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Friday, November 10, 2006 

evolution of mapping

Well, things here are winding down. There is so much I want to see in Berlin, but not enough time to do all that and finish up work. Things are finally coming together though, and Joe and I are getting close to having some sort of presentation ready for the project we have been working on all term (and will continue to work on after this trip is over). We are in the process of setting up a website to house the project, and the other night we were writing some content for that page. The little background paragraph we were working on introduced some cool ideas, and the next thing we knew, we had a mini-essay on the history of mapping. It sets the stage for our project, introducing the concepts that really are the foundation of this sort of mapping exploration. So, for anybody who is interested, here it is, in its current form:

The Evolution of Maps as a Means of Representing Space

Maps, as a tool used in representing place, have been evolving throughout history according to a pattern reflecting both their purposes and the technologies that constrain them. The evolution of maps to this point can be characterized as a continuing process of more accurately representing physical places and their relationships in a way that precisely mirrors their visual appearance. With the digital age, technology has rapidly pushed visual precision to new levels, to the extent that it is appearing that accuracy, at least as perceived through the sense of sight, is beginning to approach its limits. As the traditional mapping sensibility is exhausted, the desire for accurate portrayal of place will naturally extend to the other senses, which can convey place in ways that the sense of sight has never been able to. Sound, emotions, feelings, and a myriad of other forms of perception will be incorporated into maps of the future through artistic means to better embody the places we encounter. As technology makes it increasingly feasible, the desire for “true” portrayals of space will lead people to art because art has, and always will be, the most appropriate means of expressing how something is in all its complexity.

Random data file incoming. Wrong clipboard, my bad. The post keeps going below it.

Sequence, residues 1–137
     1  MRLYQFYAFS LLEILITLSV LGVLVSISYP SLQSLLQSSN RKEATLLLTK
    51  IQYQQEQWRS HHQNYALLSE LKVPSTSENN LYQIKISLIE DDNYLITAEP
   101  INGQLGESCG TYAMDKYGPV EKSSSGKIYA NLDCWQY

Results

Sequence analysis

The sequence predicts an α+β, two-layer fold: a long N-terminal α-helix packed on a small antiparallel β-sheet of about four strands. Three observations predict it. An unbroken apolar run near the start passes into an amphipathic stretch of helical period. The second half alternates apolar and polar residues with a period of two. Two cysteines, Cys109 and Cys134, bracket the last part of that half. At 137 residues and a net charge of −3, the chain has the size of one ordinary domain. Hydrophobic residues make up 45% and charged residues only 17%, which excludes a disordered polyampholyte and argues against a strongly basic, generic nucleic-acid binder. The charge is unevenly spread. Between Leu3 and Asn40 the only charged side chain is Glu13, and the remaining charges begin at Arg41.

The history of maps is a narrative that is intimately linked to mankind’s ability to gather and disseminate information. In the past, people relied on word-of-mouth stories of far-off places. As the knowledge base expanded and humans developed needs that required finding specific locations that involved complex directions, it became necessary to record one’s conception of space in a more permanent, visually-depictive manner. This is where mapping emerged as a key element of culture. Originally hand-drawn, and more recently, thanks to modern-day technology, cheaply mass-printed, maps made accessible a representation of the world in a portable form.